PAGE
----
The idea isn’t to make money; it’s to win basketball games. There’s no doubt that signing a 29-year old coming of an entire season worth of missed games and a major foot injury to that large of a contract was horribly stupid; but it would be just as dumb to give up all your hope for the future just to correct that mistake.
To me you have to keep Brand (rolling the dice on him getting completely healthy, because he’s skilled enough that he can still regain 70% of his original form, which is still better than a lot of guys in the league), take the best player here, and build around Iguodala (a fantastic defender and finisher in transition), your lottery pick, and Jrue Holiday (a promising point guard with solid playmaking and Payton-like potential on defense).
As for whom the pick should be, I think you have to go with Evan Turner.
Cousins and Favors probably have more potential, but to me Evan Turner has to be the clear number two guy. To me he’s the next Joe Johnson: not a true superstar, but a next-tier guy that can carry the offense and be the best player on the floor on a lot of nights. He will need to dominate the ball to be effective, but at the end of the day he’ll produce as a do-it-all wing player. He can score off the dribble, through his mid-range game, or on post-ups, and the best part is that he’s got a dash of the Shaun Livingston gene in that he’s not just a point forward but rather is capable of being a pure point guard for stretches. There’s a difference between a guy like Caron Butler, a 6-7 guy who happens to be a good enough dribbler to bring the ball up and initiate the offense, and someone like Livingston, who’s a pure, pass-first point guard that happens to be 6-7; Turner falls in the second category. Seriously, Ohio State often utilized him as a pure 1 – that’s how good his vision and ball-handling are.
Defensively he’s good enough that he’ll combine with Iggy and Jrue Holiday to form the NBA’s best trio of perimeter defenders, and has to be considered the next best guy. Favors and Cousins (the only two other guys talented enough to merit consideration here) are way too raw and risky, and Cousins won’t be a good fit anyway on a team that should be playing up-tempo.
Regardless, I know this will be the pick for sure because Doug Collins is the one running the show. First of all he’s a veteran coach who will be pulling out all the stops to win now (to the point that it’s fairly likely that he makes some dumb trade for a veteran that’s better now but doesn’t have anywhere near as bright of a future as Turner, but for now we’re assuming he keeps the pick), so it probably makes sense to take the most NBA-ready guy available.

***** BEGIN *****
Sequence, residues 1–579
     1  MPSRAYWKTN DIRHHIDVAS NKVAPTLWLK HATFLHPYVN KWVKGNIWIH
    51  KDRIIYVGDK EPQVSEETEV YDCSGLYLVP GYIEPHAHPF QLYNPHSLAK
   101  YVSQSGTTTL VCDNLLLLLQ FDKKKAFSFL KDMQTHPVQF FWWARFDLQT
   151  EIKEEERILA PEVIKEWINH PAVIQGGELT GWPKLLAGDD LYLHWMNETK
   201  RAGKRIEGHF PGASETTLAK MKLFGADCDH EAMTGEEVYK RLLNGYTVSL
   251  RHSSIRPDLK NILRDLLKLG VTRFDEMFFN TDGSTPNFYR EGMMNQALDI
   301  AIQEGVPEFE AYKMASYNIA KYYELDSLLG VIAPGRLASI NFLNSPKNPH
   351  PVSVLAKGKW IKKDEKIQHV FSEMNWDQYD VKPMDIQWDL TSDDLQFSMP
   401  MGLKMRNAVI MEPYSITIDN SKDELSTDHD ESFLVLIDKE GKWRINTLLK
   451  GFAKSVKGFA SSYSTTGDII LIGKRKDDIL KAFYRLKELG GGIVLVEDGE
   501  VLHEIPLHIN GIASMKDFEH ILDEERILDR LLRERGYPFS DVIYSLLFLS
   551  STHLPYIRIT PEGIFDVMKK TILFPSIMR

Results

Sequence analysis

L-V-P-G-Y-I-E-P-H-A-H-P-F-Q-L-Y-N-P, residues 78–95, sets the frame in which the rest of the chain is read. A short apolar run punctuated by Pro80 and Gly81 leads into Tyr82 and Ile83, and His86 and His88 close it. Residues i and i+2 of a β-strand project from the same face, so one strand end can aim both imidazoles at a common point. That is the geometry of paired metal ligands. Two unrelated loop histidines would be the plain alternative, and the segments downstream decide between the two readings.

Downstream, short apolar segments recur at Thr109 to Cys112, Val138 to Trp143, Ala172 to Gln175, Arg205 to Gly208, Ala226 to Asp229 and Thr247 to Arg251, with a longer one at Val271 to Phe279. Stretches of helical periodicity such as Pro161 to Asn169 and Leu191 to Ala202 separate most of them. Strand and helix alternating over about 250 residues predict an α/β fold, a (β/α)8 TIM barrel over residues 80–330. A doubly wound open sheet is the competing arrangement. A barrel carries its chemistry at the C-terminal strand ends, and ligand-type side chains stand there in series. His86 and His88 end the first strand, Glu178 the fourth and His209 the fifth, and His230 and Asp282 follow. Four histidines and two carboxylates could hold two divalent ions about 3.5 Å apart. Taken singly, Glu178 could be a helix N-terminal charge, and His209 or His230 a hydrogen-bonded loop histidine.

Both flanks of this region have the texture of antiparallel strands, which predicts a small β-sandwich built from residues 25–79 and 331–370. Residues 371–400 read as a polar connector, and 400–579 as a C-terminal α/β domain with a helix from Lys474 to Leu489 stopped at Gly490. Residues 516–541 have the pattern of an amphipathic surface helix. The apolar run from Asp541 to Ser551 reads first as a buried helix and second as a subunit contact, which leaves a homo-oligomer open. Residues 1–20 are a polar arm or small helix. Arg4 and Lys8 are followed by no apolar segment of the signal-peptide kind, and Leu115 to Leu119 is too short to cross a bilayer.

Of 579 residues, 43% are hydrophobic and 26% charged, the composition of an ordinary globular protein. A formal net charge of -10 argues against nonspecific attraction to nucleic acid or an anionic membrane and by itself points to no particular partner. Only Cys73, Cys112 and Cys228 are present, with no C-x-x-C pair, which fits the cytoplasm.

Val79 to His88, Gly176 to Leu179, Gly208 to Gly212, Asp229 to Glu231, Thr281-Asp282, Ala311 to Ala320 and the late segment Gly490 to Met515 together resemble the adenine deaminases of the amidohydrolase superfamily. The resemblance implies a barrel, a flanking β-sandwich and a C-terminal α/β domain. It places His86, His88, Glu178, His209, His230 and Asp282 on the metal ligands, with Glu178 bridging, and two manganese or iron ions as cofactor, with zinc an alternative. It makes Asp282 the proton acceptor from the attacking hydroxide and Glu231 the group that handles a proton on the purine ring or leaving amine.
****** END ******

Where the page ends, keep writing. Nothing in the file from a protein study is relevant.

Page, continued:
More importantly, the only thing Collins knows how to do is to make the game unbearably slow and call a bunch of set plays for his best player. That’s all he did with Michael Jordan in Chicago, that’s all he did with Grant Hill in Detroit, that’s all he did for Michael Jordan in Washington, and now he needs another skilled wing player through whom he can run set plays (literally) every time down. Collins has no use for Favors or Cousins because all he wants to do is run everything through a wing player that can create for himself and others; thus they need Turner, because Andre Iguodala sure as hell isn’t that guy.
From a stylistic standpoint Derrick Favors actually makes some sense because he’s so athletic and would give them the mobile big man that they need to play the fast-breaking style that suits their personnel. Cousins makes no sense because not only is he too much of a knucklehead to be considered above Turner, but also as a traditional low-post big man he wouldn’t really mesh well with their athletic wing players.
But given his talent level versatility, I think it’s clear that Evan Turner has to be the pick.
Follow on Twitter @Aaron_Torres (Aaron) and @Arjunc12 (Arjun)
No. 3 New Jersey Nets
Aaron selects…DeMarcus Cousins, Kentucky
Wow, Arjun, you left me a lot to think about here.
I suppose we should start with the Arenas-Jefferson trade, because on paper it looks great. In one corner you’ve got the Wizards getting rid of Arenas and his contract, and picking up a nice player on the wing to run with Wall. Remember how good Richard Jefferson was when he played with Jason Kidd? Remember how he hasn’t been so good since? I’m just thinking out loud here.
And of course on the other side, you’ve got a still really good Arenas going to San Antonio, where the structure is there for him to succeed. Good veteran leadership, good coaching, a core group that’s going on a decade of excellence together. The only way it doesn’t work on paper, is if this trade breaks Arenas parole agreement, and he isn’t allowed to leave the city’s borders. I’m kidding. What, too soon?